The evidence concerning the effects of combined calcium-vitamin D supplements on bone density and fracture risk is mixed. One study found that among 295 men and women 65 years of age or older, taking 500 mg of calcium plus 700 IU of vitamin D3 per day reduced bone loss in the neck, spine, and total body moderately over a three-year period, and reduced the incidence of non-vertebral fractures. (The U.S. RDA for people aged 51-70 or older is 400 IU.)

However, other studies, including two recent ones from the UK, indicated that calcium and vitamin D supplements had

Department of strange but revealing studies

This is a summary of the Danish study we alluded to in our opening Q & A.

Sixty veiled Arab women and 44 age-matched Danish women were randomly selected amongst patients contacting a health care center for various reasons. Ten ethnic Danish Moslem women were included as controls.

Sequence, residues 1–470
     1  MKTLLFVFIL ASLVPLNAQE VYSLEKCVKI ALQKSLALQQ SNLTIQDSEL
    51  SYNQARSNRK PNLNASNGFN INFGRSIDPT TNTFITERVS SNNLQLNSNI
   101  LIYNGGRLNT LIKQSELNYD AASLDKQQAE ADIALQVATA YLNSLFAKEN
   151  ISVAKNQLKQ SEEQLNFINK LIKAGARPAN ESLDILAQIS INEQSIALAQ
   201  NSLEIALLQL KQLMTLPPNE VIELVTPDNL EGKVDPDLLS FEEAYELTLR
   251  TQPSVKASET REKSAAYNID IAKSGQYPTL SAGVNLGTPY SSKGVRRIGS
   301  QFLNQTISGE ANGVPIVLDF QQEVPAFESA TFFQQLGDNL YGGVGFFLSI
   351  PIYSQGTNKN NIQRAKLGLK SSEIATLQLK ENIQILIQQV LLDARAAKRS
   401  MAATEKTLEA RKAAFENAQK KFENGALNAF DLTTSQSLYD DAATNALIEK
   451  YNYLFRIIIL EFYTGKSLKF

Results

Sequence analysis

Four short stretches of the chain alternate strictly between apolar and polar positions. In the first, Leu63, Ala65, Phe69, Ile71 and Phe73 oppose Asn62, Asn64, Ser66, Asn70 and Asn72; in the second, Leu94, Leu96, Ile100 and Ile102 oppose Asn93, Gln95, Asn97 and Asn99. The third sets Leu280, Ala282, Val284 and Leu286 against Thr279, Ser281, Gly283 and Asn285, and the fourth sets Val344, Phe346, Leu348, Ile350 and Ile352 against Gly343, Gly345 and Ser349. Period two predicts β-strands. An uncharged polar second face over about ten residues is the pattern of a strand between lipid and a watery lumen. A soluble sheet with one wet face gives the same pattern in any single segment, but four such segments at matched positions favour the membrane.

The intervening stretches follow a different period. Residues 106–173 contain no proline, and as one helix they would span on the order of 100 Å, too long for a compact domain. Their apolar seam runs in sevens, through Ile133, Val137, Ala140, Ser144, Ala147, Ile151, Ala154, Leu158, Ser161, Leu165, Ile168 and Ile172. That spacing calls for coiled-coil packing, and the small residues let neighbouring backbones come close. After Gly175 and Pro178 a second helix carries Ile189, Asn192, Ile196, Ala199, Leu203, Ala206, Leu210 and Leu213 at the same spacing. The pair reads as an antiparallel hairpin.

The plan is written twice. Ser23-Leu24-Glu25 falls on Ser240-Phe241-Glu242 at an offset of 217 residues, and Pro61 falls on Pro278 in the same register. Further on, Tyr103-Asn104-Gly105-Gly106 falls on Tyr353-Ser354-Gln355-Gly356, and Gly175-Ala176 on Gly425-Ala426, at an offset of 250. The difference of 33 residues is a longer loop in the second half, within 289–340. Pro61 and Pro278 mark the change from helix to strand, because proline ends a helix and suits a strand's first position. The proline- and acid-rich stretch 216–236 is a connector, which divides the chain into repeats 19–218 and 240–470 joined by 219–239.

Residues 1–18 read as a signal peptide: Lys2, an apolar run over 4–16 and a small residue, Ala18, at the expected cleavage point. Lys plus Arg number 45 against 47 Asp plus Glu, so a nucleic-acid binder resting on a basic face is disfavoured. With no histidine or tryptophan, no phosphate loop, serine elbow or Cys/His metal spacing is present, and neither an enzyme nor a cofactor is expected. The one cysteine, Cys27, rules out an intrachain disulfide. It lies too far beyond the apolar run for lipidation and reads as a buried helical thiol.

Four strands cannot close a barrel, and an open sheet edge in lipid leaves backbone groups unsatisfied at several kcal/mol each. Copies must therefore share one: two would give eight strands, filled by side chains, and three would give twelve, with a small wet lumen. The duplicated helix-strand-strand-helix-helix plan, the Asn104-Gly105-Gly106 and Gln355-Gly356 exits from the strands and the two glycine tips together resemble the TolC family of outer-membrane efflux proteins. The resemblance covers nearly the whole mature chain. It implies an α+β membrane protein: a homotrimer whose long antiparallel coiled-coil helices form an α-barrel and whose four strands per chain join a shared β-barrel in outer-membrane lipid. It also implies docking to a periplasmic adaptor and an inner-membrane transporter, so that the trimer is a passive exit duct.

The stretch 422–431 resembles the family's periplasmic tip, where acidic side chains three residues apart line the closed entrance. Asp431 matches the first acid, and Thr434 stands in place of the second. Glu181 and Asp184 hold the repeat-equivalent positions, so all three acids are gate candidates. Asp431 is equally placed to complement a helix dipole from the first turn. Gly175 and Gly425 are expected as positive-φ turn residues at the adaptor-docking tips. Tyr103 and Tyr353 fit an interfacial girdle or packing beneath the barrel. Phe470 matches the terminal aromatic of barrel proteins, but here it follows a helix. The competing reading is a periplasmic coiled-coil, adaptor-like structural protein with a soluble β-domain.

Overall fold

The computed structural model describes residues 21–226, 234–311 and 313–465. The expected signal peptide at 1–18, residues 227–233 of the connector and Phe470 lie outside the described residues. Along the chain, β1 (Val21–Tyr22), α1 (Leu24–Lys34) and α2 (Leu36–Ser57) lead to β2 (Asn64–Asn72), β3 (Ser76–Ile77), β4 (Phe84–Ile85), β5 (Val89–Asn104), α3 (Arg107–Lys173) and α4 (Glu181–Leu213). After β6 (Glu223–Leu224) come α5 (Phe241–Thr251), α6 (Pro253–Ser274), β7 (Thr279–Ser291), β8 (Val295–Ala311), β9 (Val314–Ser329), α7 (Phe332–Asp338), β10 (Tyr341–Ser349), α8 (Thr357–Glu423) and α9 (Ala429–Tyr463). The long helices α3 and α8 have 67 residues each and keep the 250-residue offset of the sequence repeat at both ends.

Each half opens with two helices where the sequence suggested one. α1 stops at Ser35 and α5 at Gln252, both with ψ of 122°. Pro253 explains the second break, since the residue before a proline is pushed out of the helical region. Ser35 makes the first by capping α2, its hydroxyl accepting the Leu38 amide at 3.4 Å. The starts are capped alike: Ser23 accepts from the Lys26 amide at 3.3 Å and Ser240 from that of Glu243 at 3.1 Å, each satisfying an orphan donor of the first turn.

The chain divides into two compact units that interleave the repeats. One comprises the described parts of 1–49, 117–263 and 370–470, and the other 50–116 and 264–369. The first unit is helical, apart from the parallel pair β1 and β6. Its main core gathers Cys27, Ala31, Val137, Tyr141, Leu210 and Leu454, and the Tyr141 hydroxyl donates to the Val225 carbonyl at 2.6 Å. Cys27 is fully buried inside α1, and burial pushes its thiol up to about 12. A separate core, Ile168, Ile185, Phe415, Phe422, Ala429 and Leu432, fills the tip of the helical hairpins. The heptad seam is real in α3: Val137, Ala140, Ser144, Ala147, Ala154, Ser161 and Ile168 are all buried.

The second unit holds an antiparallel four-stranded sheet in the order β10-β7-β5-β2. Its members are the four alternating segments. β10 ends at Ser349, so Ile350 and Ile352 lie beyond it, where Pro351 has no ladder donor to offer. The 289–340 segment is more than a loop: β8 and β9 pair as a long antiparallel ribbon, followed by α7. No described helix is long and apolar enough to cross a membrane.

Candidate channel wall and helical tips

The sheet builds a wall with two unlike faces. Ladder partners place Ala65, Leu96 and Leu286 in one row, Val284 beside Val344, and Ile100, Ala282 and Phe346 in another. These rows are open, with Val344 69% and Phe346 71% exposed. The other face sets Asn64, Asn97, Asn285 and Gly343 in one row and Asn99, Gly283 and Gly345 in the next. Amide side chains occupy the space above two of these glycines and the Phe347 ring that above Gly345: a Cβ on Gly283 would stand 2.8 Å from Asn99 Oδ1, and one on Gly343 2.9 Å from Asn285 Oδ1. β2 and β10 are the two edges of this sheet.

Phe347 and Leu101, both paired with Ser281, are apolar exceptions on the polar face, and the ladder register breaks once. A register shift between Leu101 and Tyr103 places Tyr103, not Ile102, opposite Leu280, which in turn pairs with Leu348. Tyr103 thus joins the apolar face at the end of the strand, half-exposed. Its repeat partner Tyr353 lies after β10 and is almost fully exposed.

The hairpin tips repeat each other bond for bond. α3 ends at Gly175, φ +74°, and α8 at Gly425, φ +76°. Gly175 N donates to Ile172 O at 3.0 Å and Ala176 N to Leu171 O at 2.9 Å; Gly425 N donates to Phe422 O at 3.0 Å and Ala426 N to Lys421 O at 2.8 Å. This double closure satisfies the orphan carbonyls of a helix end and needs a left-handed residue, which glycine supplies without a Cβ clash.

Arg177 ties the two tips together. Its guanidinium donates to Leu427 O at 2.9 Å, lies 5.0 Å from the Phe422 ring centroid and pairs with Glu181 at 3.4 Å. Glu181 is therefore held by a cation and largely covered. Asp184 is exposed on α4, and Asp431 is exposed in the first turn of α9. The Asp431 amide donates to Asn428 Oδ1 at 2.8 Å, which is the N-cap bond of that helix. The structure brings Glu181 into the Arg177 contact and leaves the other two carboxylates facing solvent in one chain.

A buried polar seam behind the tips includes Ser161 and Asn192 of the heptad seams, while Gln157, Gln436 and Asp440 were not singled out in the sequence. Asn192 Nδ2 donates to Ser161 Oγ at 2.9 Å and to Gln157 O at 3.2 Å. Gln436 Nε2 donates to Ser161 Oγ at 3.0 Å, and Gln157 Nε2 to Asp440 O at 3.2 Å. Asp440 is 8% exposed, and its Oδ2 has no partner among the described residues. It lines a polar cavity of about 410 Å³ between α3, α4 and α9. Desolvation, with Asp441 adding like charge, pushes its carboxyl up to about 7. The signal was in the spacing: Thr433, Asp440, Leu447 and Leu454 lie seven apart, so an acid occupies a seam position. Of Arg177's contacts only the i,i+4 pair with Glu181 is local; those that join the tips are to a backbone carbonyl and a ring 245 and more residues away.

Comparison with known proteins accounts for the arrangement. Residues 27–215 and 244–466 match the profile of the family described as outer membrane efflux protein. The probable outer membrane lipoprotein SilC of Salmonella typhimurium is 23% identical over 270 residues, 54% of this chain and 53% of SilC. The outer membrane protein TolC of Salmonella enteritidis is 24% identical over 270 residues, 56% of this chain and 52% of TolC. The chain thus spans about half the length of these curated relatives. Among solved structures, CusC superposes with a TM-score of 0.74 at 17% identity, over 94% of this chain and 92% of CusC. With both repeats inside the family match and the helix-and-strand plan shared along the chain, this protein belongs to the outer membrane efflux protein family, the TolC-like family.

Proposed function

Dietary intake of vitamin D and calcium were estimated through a historical food intake survey.

The veiled Arab women consumed very little vitamin D (42 IU) compared with ethnic Danish Moslems (540 IU) and non-Moslem Danish control subjects (300 IU.

The researchers concluded that the veiled Arab women suffered very limited sunlight exposure and woefully insufficient dietary vitamin D.

But, while dietary vitamin D intake among the veiled, ethnic-Danish Moslems was relatively high—probably from the Danish staple food herring—they were still vitamin D-deficient in terms of body levels of the nutrient.